There’s a dizzying energy around start-ups in America these days – New York City’s Silicon Alley, tech corridors in states throughout the country, and of course Silicon Valley are all abuzz with new ventures, young entrepreneurs, brilliant ideas for mobile applications, cloud services, and social media spin-offs. When the blogs are abuzz with stories of nine-digit investments and IPOs, it’s easy to forget that there are millions of people throughout the world that subsist on next to nothing.
So what can a creative, entrepreneurial scene like New York’s start-up community do to help people who survive war and famine halfway around the globe? Recently about 30 people from the advertising and start-up world dedicated a weekend to those millions at the NYC Famine Hackathon, an event to develop online fundraising projects that raise money for famine relief.
The event followed the model of start-up weekends, a growing phenomenon that brings developers, designers, and marketers together over a weekend to make functioning online projects. Start-up weekends are intended to get the blood going, fuel creative thinking around what to make, and even jumpstart companies built on the projects incubated over the weekend. This particular event is the brainchild of entrepreneur Farrah Bostic, and is part of 5050 Make or Break, a site that invites anyone to submit online fundraising projects. Its goal is to encourage the development of 50 online fundraising projects in 50 days in time for World Hunger Day on 16 October, with all proceeds going to UNICEF.
The group that took part in the Famine Hackathon weekend was comprised of coders and developers, marketing strategists and creatives, and even a poet. Some were young and idealistic, and others brought years of experience and expertise. They heard about it through Facebook, Twitter, blogs and word of mouth, and decided that they’d spare a weekend for a good cause and a creative experiment.
They gathered on a rainy Friday evening in a brand-new co-working space called Grind. The space was wide open and pristinely white, populated with long tables for focused working, pod-like couches for quiet conversation, and round tables for discussion. On the walls, interactive displays showcased projects from the graphic designers, web developers and other creative people who work there during the week.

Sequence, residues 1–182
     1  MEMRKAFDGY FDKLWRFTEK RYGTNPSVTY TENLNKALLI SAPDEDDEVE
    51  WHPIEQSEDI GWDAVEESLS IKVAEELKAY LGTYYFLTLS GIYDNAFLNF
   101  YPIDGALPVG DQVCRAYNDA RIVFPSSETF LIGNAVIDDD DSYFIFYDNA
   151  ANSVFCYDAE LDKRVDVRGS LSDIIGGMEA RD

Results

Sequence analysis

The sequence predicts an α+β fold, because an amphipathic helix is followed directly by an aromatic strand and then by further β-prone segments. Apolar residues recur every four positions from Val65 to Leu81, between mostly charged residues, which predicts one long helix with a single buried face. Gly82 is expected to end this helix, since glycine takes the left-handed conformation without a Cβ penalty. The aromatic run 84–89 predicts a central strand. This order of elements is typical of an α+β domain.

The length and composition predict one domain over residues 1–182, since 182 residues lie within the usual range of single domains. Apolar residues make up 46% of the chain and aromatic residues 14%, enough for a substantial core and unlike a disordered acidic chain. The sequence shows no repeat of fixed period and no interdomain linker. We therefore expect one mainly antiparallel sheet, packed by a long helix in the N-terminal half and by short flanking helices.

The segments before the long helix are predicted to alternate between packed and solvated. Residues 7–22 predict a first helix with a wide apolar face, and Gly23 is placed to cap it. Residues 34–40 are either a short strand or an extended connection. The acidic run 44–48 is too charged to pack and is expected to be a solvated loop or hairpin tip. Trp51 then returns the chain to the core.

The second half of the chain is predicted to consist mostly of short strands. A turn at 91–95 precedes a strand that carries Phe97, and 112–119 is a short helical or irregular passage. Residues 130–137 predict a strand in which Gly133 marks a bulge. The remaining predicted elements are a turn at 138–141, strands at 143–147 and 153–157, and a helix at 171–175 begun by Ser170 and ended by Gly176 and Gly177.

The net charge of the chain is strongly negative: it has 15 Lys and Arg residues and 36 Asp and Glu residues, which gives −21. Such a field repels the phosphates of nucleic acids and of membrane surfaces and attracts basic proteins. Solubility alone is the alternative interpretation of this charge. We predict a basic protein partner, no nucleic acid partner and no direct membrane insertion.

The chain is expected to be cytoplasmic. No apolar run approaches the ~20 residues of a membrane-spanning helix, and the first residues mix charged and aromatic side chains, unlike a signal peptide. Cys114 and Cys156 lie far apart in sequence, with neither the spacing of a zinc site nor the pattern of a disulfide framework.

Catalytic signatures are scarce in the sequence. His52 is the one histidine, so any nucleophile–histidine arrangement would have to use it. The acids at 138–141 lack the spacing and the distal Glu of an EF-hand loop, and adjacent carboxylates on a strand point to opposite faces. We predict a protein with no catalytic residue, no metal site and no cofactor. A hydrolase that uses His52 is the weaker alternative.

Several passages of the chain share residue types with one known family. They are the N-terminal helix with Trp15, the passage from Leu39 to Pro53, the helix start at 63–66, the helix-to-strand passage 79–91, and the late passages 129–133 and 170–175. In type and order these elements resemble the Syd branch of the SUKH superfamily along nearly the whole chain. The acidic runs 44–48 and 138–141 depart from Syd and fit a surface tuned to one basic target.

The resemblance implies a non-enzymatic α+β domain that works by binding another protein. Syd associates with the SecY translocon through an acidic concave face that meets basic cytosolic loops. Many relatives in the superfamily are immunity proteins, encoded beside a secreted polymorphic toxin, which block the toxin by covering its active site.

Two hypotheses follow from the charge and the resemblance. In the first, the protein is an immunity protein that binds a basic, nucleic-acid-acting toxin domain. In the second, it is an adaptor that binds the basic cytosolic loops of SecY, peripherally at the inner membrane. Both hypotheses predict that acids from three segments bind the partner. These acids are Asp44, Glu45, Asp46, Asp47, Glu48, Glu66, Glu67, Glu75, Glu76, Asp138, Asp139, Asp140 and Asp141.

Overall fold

Bostic and Stuart Eccles of British social media agency Made by Many, who started the 50/50 project, kicked off the weekend by sharing other fundraising ideas that had been made for the larger project. A man in Mexico pledged to eat what a refugee in Africa would eat for 50 days, and invited people to sponsor his pledge. Another project encouraged people to get sponsorships to stay off of Facebook for 50 days. Another automatically donated to UNICEF with every Amazon.co.uk purchase. All the projects coexist at 5050.gd, with the number of backers and the money raised listed.
Then representatives of Foursquare, Etsy, and other young internet companies presented demonstrations of their APIs and services that the group could build upon to raise money. Ideas began to bubble up – an Etsy store with crafts from countries in East Africa! FourSquare check-ins that rack up donations!
Armed with this creative inspiration, pizza and beer, the group broke up into teams, gathering around tables to sketch out possibilities. Teams debated what would take their project from discussion to fruition to donation. The low hum of conversation permeated the room over tunes pumped out of Spotify. “Turn the music up a little, it gets the energy going,” one of the organizers said in a bid to fine-tune the atmosphere. With the Sunday deadline still 48 hours away, the energy was positive and the pressure is low.
Throughout the weekend, the teams honed in on their ideas and worked to turn them into compelling – and functioning – online fundraising tools. But the weekend was more than a way to raise money for one cause.
“The 5050 project comes out of the ‘small bets’ hypothesis—instead of investing in one big idea, try out lots of little ones,” explained Bostic. “We don’t know what fundraising idea will be the most successful—so let’s try all of them and maximize for success.”
Over the weekend, the teams learned to embrace this approach, where each idea is a testing ground for what could work, rather than a definitive answer. In two days, five teams had created five projects that will contribute to the bigger experiment in what works and doesn’t in online fundraising. As the 4pm Sunday deadline loomed, teams were still putting on final touches as they demonstrated how an idea became a online fundraising tool in a matter of 48 hours.
The projects varied widely, from funny to serious, from utilitarian to fantastical. My personal favorite, Karma Equalizer, is a Facebook app that lets you identify all the bad things you’ve done – everything from stealing office supplies to driving a Hummer—and ‘neutralize’ them by donating money to a good cause.
One Every Six takes a more serious approach. A timer ticks and the image of a child slowly fades under the headline “One child dies every 6 minutes” in the famine; a donation will stop the ticking clock.
The five projects from the NYC Famine Hackathon weekend are all accepting donations here. The site also hosts other projects from around the world, and is open to anyone for submission of a project idea.
// Short Ends and Leader
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